The Systems I Wish I'd Had and When

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Matt Barton's picture

Apple II: The mother of invention.Apple II: The mother of invention.They say hindsight is 20/20. (Actually, I think it's more like 10/40, but what can you do?) So, if you found yourself suddenly zapped back to the dawn of the videogame era, what choices would you make? Which systems would you rather have had? And what impact do you think these changes would make on your personality today?

Of course, most of us back then could only afford to support one, maybe two systems (assuming one was older). It would have been nice to have enough money and time to have all of them.

Now that I'm older and hopefully wiser, I've put together a list of the systems I wish I had had, and roughly when. I'd very much like to hear your thoughts and see your lists.

1977-1982: Apple II. There's really no doubt about the importance of this system during this period (and beyond), but it saw the birth of countless genres and franchises. Ideally, I would have been able to expand and keep this system after getting a new computer, since it was still seeing important exclusives well into the 80s, especially the Ultima games and Sierra On-Line adventures.

My second choice for this period would be the Atari 2600, a very capable games console with a respectable lineup and of course immense popularity.

1982-1985. Commodore 64. I did have this computer during this period and beyond, and am very happy about it. While it may not be as impressive to designers (ahem, Romero) as the Apple II, it was (IMO) a superior games machine. Again, the ideal would have been to have this AND an updated Apple II, but if it were one or the other, I'd have switched. The lineup was and remains incredible, with so many brilliant games, such as the Gold Box titles and hits from Lucasfilm Games.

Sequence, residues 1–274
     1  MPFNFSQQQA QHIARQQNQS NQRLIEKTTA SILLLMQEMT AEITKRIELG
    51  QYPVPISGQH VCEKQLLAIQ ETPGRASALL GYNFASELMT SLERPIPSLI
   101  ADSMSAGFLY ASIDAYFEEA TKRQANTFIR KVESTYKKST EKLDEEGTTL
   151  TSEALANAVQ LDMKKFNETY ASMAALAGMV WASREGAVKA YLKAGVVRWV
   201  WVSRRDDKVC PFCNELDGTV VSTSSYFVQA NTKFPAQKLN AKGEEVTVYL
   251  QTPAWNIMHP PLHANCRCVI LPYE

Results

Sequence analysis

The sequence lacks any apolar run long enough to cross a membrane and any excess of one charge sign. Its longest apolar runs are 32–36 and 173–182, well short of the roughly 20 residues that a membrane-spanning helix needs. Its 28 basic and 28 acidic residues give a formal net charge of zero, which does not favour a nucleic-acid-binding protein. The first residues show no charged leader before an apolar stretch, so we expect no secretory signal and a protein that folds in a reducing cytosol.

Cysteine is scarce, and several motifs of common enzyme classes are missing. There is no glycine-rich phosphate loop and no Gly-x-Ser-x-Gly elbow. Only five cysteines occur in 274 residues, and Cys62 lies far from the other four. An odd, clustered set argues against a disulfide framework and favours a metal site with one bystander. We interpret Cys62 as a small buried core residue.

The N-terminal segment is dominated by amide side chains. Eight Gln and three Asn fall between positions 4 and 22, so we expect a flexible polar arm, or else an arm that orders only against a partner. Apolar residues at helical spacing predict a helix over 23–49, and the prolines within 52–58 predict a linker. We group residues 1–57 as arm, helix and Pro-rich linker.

My second choice here would be the Apple IIe. While gradually diminishing in importance, the platform still had lots of exciting exclusives and got most of the important ports.

Amiga 1000: Didn't have an Amiga? I'm sorry.Amiga 1000: Didn't have an Amiga? I'm sorry.1985-1990. Commodore Amiga 1000. This is really a no-brainer. You get almost all of the cool, gee-whiz multimedia stuff of the new Macintosh, plus thousands more games--and it was cheaper. Right out of the gate you had some awesome stuff, such as Defender of the Crown, Mindwalker, plus cool apps like Deluxe Paint and Deluxe Music.

A second choice here is difficult. On the one hand, there are some fairly good computer choices. the Macintosh is an obvious contender, even though the games library is weak. The Atari ST is a closer rival, with more games. On the other hand, the NES was available in 1985, and everybody knows what happened next. So, if I couldn't have the Amiga, I'd go with the NES here.

1990-1995. DOS. I might have been tempted to give the Amiga one more year, but by 1990 DOS gaming was already cooking with games like Wing Commander. Every year saw the DOS star shoot higher, eventually leaving the Amiga in the dust. The action was really great with adventure and RPG titles, some (but not all) of which were ported to the Amiga or cloned. Still, I wouldn't want to miss stuff like Ultima Underworld (1993), Arena (1994), and of course Doom (1993) if I could possibly help it!